Nina M. Whitney
Paleoclimatologist | Paleoceanographer | Isotope Geochemist
I am an early career researcher in paleclimatology and paleoceanography. I recently successfully defended my PhD in Geology and Environmental Science at Iowa State University. In August, I will start a position as a NOAA Climate and Global Change Postdoctoral Fellow at Woods Hole Oceanographic Institution.
My research interests lie in reconstructing Late Holocene ocean conditions on a high resolution time scale using marine climate proxies. By investigating oceanic natural variability as well as the role that the oceans have played in our climate system, we can put recent climatic changes into context and better predict future climate scenarios. Most of my current research focuses on using isotopes in Arctica islandica shells to reconstruct centuries long changes in ocean conditions. A. islandica are the longest-living, non-colonial animal known and precipitate their shells in annual increments. As such, they provide hundreds of years worth of annually-resolved climate data through both the width of their annual increments as well as the chemistry of their shells.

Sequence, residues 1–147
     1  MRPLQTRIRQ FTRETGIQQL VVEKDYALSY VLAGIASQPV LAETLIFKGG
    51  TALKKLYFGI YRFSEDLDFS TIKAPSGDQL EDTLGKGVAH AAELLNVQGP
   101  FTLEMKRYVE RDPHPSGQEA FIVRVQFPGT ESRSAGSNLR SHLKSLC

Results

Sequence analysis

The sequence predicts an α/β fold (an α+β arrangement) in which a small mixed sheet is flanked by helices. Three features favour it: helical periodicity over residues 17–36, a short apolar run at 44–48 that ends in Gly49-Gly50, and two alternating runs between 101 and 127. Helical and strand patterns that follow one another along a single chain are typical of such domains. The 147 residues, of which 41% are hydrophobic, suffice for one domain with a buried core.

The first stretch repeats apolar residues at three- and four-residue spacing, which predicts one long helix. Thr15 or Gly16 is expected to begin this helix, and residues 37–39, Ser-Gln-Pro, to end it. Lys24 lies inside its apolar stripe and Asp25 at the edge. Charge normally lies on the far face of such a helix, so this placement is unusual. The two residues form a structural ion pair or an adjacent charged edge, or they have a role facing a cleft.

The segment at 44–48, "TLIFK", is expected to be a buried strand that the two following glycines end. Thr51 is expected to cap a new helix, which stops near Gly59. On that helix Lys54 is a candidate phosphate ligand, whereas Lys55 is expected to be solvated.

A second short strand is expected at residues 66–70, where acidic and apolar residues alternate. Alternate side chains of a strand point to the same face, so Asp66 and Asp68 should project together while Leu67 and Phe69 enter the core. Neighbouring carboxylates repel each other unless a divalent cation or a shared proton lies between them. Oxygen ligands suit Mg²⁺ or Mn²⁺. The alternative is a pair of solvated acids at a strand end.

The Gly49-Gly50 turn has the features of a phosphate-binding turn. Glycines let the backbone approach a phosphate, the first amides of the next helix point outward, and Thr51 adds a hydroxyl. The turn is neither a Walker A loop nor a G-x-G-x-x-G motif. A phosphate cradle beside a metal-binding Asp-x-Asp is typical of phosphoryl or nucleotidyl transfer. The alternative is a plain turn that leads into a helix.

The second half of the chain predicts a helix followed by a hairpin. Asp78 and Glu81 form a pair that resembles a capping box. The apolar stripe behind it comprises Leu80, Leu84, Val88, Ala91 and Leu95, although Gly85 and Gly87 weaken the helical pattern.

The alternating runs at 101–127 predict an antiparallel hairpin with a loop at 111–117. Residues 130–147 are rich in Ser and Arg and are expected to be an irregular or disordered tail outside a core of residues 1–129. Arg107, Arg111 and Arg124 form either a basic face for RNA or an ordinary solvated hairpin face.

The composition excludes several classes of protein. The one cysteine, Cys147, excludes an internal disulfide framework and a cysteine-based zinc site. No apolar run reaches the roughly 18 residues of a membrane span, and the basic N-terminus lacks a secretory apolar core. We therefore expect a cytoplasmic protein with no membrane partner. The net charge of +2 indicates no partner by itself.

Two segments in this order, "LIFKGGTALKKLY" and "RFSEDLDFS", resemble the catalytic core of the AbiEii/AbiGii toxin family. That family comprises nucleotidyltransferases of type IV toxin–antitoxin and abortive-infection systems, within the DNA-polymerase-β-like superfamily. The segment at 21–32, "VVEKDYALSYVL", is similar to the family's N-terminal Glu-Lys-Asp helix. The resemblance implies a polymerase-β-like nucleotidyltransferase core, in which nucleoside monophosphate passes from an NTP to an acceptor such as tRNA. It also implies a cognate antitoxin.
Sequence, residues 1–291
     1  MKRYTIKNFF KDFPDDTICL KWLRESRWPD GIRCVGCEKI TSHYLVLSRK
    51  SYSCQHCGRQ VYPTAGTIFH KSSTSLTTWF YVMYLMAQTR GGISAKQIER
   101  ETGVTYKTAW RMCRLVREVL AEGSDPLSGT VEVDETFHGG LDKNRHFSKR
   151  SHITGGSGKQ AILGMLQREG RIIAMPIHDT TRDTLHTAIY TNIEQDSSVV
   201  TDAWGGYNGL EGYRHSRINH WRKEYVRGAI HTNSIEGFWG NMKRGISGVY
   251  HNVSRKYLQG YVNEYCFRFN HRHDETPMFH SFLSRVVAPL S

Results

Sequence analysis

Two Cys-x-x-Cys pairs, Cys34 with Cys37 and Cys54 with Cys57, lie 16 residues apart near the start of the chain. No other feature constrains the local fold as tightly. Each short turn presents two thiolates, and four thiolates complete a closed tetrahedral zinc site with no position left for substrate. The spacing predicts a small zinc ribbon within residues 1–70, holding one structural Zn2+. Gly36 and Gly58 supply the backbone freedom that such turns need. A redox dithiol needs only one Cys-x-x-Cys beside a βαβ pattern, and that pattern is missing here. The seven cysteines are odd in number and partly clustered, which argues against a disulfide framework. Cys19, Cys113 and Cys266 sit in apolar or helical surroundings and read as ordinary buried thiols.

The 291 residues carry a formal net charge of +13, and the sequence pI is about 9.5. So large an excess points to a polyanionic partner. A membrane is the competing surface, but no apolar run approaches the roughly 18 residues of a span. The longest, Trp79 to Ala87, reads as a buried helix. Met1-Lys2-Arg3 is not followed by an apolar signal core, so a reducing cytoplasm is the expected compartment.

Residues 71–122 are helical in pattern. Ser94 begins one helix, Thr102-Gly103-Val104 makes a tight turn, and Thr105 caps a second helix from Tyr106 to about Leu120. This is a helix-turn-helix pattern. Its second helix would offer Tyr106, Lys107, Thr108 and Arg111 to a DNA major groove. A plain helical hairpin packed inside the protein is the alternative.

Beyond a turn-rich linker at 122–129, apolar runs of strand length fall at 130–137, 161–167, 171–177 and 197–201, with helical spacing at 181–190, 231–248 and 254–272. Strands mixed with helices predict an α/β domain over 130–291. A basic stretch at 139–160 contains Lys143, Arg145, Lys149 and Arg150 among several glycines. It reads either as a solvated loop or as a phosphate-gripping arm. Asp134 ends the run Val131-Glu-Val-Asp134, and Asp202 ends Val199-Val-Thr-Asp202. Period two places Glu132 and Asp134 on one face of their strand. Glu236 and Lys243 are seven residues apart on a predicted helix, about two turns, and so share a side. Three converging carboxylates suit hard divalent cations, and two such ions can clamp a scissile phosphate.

Department of Geological and Atmospheric Sciences
Iowa State University
253 Science Hall
2237 Osborn Drive
Ames, Iowa, 50011